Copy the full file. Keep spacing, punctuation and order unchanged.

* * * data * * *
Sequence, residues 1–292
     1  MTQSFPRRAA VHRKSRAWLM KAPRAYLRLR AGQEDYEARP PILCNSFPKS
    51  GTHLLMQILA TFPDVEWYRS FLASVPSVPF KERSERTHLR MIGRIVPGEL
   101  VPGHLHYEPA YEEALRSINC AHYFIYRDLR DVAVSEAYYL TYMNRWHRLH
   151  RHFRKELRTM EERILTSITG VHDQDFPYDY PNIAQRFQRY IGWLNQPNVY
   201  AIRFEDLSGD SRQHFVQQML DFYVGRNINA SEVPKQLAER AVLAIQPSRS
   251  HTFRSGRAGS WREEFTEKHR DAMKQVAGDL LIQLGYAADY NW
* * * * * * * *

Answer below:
Sequence, residues 1–292
     1  MTQSFPRRAA VHRKSRAWLM KAPRAYLRLR AGQEDYEARP PILCNSFPKS
    51  GTHLLMQILA TFPDVEWYRS FLASVPSVPF KERSERTHLR MIGRIVPGEL
   101  VPGHLHYEPA YEEALRSINC AHYFIYRDLR DVAVSEAYYL TYMNRWHRLH
   151  RHFRKELRTM EERILTSITG VHDQDFPYDY PNIAQRFQRY IGWLNQPNVY
   201  AIRFEDLSGD SRQHFVQQML DFYVGRNINA SEVPKQLAER AVLAIQPSRS
   251  HTFRSGRAGS WREEFTEKHR DAMKQVAGDL LIQLGYAADY NW